It’s a story that sounds like it’s ripped straight from a movie script. A prominent, trusted gynecologist practicing at Johns Hopkins for more than twenty years, falls from grace when it comes to light that he has been secretly videotaping female patients for years. Less than a week later, he is found dead in his Maryland home. But, it’s not a movie scene. It’s real life, and the doctor is Nikita Levy, and the victims are very, very real. Claim Your 20 Free Pregnancy Tests – Click Here
It’s no secret that Jamaican born doctor Nikita Levy was living the good life. He was a well respected gynecologist at Johns Hopkins Hospital, one of the most prestigious hospitals in the nation. He lived in a beautiful home in an affluent community in Maryland, with his wife, Sandra, a nurse at the hospital, and their three beautiful children.
Colleagues describe him as a very well respected, trusted doctor. A midwife who worked with Levy told the Washington Post “never in a thousand years would I have imagined such a thing. He had one of the biggest fan clubs in Baltimore, and he was always very, very busy. People wanted to see him. He saw some of the same patients for many, many years. They trusted him with their most intimate secrets. We were all their trusted confidants.”
Less than two weeks ago, the threads begin to unravel, exposing the secret and sinister life of this once well respected physician. A still unnamed Johns Hopkins employee saw something unusual about Dr. Levy’s examinations on Feb. 4 (we still don’t know what exactly that was), and alerted supervisors, who began an investigation.
The results of the investigation were nothing short of devastating. It came to light that the doctor had been videotaping and photographing his patients in their most vulnerable moments, perhaps more than a hundred of them, and perhaps for years on end. Police have not released much information about the tapings, except to say that they think at least some of them were recorded with a video camera inside of a pen.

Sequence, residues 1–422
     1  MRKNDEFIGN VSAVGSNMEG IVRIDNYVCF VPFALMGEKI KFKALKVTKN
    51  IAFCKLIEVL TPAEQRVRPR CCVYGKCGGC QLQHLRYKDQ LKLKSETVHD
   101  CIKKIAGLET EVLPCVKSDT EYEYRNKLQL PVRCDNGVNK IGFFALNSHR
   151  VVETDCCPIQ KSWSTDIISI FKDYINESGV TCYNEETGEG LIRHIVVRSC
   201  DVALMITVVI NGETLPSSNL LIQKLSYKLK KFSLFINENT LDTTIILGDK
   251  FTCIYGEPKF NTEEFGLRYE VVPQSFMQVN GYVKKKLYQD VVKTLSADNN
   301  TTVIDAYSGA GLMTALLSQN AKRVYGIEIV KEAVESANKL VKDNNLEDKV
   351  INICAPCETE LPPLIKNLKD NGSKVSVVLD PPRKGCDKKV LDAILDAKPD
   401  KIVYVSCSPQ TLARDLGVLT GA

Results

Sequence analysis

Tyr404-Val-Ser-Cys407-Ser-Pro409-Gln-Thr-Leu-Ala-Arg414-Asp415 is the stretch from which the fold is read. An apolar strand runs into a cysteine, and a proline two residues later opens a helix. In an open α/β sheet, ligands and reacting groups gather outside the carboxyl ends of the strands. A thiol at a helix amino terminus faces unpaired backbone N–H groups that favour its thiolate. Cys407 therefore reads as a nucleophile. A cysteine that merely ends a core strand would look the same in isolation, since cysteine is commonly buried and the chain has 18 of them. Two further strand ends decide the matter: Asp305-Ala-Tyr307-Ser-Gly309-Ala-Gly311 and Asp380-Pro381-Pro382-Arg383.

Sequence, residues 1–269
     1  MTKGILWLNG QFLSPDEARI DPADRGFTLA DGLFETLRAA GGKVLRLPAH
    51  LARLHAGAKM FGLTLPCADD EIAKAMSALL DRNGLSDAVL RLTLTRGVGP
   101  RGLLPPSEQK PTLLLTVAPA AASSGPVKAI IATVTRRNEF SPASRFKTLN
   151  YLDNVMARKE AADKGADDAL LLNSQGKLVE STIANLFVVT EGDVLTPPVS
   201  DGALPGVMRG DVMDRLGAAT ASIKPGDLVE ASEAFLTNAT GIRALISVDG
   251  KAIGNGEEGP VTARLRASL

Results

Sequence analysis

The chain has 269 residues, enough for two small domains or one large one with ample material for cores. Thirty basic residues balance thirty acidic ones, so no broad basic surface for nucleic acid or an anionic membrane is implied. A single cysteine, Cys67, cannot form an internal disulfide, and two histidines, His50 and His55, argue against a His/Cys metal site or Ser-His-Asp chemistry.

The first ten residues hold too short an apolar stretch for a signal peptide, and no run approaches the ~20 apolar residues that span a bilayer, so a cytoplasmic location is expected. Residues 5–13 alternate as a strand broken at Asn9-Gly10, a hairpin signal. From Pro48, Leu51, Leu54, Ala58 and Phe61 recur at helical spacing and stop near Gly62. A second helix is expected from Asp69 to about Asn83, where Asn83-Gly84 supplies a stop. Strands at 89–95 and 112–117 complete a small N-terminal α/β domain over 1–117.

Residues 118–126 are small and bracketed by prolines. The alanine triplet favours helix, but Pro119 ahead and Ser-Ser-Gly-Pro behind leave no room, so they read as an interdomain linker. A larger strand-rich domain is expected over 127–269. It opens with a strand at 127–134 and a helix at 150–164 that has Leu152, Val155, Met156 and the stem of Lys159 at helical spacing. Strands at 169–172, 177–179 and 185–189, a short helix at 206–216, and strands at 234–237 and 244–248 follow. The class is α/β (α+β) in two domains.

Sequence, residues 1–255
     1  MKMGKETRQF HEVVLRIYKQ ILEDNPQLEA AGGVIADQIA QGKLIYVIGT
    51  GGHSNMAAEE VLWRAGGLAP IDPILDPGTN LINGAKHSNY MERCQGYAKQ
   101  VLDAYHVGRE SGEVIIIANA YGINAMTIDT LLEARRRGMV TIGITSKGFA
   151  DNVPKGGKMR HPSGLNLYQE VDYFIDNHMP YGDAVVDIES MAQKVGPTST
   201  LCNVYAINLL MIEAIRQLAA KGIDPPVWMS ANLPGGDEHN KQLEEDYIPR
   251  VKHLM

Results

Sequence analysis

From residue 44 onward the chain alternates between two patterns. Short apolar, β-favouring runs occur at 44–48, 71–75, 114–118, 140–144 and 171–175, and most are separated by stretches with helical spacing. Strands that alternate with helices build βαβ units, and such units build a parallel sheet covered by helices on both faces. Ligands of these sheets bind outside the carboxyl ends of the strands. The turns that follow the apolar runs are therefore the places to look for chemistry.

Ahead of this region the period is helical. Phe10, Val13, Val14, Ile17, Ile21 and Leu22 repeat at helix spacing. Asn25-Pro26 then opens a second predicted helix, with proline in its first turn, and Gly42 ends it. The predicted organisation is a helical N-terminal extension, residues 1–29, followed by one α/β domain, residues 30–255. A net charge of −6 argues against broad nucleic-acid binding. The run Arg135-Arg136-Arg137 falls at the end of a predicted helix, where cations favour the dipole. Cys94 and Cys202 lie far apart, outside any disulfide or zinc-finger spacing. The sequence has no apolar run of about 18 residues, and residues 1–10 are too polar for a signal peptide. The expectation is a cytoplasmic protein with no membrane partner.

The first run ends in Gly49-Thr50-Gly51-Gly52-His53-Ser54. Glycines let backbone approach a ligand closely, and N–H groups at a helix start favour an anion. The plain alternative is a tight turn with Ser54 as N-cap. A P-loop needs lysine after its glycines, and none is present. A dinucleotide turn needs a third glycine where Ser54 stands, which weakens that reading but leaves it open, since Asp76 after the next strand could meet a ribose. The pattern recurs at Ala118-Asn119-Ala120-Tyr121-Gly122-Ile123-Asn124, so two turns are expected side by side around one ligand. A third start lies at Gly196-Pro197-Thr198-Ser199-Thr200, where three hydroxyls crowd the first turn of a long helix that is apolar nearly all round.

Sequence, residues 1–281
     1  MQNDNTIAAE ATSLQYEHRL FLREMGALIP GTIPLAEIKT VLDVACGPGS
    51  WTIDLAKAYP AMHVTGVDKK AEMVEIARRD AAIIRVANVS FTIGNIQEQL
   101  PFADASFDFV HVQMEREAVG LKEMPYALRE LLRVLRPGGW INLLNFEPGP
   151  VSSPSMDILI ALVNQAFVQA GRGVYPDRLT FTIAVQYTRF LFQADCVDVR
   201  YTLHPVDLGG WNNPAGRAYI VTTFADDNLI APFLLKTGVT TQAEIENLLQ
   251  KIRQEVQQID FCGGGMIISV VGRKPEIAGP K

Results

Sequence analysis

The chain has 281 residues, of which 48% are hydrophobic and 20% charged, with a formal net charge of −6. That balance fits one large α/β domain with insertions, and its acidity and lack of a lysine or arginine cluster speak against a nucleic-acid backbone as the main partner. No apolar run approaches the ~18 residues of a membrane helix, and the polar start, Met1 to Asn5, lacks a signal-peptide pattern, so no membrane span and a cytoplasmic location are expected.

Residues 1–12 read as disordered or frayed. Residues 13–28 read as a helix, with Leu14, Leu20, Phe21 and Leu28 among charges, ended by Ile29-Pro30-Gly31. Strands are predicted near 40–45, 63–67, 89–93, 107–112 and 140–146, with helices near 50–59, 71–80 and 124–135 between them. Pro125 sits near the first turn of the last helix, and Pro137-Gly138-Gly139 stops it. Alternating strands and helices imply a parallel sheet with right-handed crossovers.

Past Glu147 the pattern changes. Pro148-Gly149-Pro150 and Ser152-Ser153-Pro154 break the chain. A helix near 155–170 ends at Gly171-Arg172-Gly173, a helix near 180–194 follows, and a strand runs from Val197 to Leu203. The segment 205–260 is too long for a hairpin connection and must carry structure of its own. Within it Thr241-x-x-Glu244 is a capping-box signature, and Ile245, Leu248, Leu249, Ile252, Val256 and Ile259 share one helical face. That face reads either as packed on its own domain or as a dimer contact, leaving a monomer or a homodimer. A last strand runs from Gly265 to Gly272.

After the allegations, the doctor was suspended, and a letter was later sent to all of his patients, telling them he had left the practice, but not specifying why. Some patients are outraged that they were not informed sooner.
The doctor was later fired, and after more evidence had been discovered, a second, more detailed letter was sent to patients. Police said they found “overwhelming evidence” at the doctor’s home, but are not elaborating on what exactly that evidence is, but you can only imagine.
Around 7A.M, on Monday, Feb 18, less than two weeks after the investigation into his actions began, police were called to Levy’s Hampton Road home by his wife. In his car, they found a suicide note to his wife, stating that he could not “stand to see her suffer with the truth”. Police found him dead in the basement, and would only say at first that neither a gun nor a knife were used in his suicide.
Later reports indicate that Levy placed a plastic bag over his head, and then pumped it full of helium, suffocating himself. Lawsuits are still being filed and more than 300 of Levy’s former patients gathered at a Baltimore hotel last week to learn about their legal options in this devastating and horrifying case.